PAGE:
It is a further important feature of the present invention to be able to change or vary the rebound rate of arm 113 in one and preferably in two directions when the blade displacement assembly in operating. Thus, instead of simply dumping working fluid 182 back and forth between reservoir 181 and cylinder 151, it is preferable to provide flow control means, such as valves 184 and 185, which can be used to control or retard the movement of working fluid 181 as it moves between the reservoir and cylinder.
Computer 111, therefore, can be used to close valve 187 so that flow back to reservoir 182 must pass through valve 185, and the computer can change the flow rate setting of valve 185 from the feed rate to another rate, usually a higher rate which is less than full open to the reservoir. As thus controlled by the computer, the arm will descend faster than the normal feed rate but slower than when disengaged.
Similarly, valve 184 can be closed down by the computer from a fully open position so as to retard fluid flow in the direction of cylinder 151 slightly to retard the upward motion of the arm slightly. Such computer adjustment of flow control valves 184 and 185 can be used to optimize or tune the arm reaction rate to maximize the effectiveness of displacement of the blade by assemblies 141.
Finally, computer 111 is preferably coupled to control the speed of drive motor 196 through conductors 197. As will be seen, therefore, computer 111 can be used to control and vary: blade speed, blade displacement, guide assembly positioning, blade cutting force, and the rate of blade descent and the reaction rate of the arm to blade displacement. With this control, blade vibration and oscillation can be controlled and optimized with other operating parameters of the saw. Angle transducer 136, for example, can be used to give feedback to computer 111 to enable control of the feed rate as a function of workpiece width, the positioning of the guide assemblies as a function of width and whether the displacement means 141 are reciprocating the blade, oscillating the blade or not displacing the blade, all as a function of workpiece width. Moreover, blade speed and the cutting force can be coordinated with the other operating parameter to maximize cutting efficiency and accuracy.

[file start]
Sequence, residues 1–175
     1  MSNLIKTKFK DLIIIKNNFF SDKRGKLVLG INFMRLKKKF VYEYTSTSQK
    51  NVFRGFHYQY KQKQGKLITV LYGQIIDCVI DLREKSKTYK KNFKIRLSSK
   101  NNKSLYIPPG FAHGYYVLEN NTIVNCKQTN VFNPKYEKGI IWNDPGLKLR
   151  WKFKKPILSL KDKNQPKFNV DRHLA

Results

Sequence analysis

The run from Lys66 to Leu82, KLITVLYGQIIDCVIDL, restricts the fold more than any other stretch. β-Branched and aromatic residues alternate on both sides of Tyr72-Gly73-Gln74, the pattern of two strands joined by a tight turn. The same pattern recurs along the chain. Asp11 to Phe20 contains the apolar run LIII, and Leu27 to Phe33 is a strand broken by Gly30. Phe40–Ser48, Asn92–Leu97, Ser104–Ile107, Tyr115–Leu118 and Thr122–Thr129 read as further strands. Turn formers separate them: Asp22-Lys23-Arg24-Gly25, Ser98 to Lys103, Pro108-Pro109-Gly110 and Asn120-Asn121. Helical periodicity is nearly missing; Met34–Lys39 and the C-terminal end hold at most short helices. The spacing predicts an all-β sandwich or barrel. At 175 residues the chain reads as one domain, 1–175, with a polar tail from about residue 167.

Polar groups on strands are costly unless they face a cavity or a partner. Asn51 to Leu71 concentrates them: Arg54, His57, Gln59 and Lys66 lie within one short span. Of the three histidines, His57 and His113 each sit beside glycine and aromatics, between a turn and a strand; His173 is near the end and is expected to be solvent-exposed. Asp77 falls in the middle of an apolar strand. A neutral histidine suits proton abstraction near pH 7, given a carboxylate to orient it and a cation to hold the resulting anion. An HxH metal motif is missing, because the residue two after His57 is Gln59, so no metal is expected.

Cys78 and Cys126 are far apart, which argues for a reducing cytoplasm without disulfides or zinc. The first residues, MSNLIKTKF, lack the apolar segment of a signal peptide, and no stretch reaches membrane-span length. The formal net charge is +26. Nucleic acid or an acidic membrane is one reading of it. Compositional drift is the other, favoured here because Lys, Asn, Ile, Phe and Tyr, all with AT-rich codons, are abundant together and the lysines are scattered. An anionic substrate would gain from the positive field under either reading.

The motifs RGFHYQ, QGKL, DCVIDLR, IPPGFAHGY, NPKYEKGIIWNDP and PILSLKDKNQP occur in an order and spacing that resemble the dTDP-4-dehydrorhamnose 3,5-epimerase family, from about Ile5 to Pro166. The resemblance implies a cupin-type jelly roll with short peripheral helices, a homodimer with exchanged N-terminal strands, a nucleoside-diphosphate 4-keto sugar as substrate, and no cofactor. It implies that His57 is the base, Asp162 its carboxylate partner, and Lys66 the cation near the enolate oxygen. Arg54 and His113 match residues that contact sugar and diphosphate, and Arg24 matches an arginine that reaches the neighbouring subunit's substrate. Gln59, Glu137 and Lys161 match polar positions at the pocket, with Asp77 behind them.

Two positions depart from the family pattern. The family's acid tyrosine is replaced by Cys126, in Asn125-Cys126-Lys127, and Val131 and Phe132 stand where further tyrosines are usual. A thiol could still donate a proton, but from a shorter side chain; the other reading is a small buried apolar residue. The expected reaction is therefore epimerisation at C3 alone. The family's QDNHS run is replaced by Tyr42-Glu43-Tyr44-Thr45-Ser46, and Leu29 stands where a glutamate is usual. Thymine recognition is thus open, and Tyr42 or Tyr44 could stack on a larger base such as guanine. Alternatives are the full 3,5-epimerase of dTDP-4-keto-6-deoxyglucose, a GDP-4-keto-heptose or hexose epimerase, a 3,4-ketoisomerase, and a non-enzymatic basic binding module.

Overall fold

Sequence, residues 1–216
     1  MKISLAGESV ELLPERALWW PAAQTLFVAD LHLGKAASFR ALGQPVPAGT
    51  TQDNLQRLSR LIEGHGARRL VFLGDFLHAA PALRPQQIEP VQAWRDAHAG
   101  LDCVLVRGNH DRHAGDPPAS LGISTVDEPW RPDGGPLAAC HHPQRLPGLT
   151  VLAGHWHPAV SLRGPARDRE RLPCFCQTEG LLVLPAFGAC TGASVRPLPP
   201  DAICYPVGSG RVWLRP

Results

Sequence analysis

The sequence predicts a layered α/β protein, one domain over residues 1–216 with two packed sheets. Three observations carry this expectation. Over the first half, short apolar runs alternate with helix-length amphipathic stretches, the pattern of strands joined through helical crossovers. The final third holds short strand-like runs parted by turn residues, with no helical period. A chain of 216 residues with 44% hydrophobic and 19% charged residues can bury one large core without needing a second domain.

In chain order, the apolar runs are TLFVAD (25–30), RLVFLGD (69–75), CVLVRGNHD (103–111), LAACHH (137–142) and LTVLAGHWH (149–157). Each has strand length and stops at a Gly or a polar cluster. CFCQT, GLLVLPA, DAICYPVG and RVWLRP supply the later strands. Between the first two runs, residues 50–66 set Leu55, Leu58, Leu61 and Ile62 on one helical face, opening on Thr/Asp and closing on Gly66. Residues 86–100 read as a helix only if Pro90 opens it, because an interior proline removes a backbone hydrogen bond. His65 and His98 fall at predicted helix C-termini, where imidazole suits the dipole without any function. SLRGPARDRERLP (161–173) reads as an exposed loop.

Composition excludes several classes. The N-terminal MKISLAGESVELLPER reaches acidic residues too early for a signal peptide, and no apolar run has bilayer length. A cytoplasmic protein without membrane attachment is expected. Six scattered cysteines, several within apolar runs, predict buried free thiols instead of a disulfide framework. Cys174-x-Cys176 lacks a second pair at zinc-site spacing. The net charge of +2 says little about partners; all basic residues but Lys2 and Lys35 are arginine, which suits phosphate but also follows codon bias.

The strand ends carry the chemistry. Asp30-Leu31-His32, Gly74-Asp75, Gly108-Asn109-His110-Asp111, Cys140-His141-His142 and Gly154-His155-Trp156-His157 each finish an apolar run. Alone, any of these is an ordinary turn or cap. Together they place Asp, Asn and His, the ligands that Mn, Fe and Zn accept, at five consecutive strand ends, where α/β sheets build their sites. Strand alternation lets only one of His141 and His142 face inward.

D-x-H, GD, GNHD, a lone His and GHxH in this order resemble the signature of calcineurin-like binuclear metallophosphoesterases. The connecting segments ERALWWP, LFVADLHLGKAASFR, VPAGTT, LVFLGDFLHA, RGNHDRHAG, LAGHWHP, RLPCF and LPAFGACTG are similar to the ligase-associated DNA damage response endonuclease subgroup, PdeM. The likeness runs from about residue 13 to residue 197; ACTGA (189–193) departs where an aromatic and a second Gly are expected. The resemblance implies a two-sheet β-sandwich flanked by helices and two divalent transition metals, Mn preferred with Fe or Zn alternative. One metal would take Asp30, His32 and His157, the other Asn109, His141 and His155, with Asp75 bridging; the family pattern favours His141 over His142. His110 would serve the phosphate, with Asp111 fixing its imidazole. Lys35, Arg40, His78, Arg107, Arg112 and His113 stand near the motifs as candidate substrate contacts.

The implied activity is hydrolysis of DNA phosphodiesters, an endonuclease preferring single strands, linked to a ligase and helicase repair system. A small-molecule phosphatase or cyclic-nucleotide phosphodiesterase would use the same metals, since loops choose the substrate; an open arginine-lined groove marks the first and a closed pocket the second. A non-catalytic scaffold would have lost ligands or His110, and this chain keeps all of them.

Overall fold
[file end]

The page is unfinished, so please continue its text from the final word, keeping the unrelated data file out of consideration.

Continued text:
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|U.S. Classification||83/56, 83/801, 83/72, 83/820, 83/789, 83/796|
|International Classification||B23D53/08, F02B75/02, B23D59/00, B23D55/08|
|Cooperative Classification||Y10T83/7145, B23D59/008, Y10T83/141, Y10T83/0605, Y10T83/7264, F02B2075/025, B23D55/086, Y10T83/7076, Y10T83/7114, B23D53/08, B23D55/088|
|European Classification||B23D55/08B2, B23D59/00Z, B23D55/08C, B23D53/08|
|Feb 7, 1989||CC||Certificate of correction|
|Jan 21, 1992||FPAY||Fee payment|
Year of fee payment: 4
|Jan 11, 1996||FPAY||Fee payment|
Year of fee payment: 8
|Jan 20, 2000||FPAY||Fee payment|
Year of fee payment: 12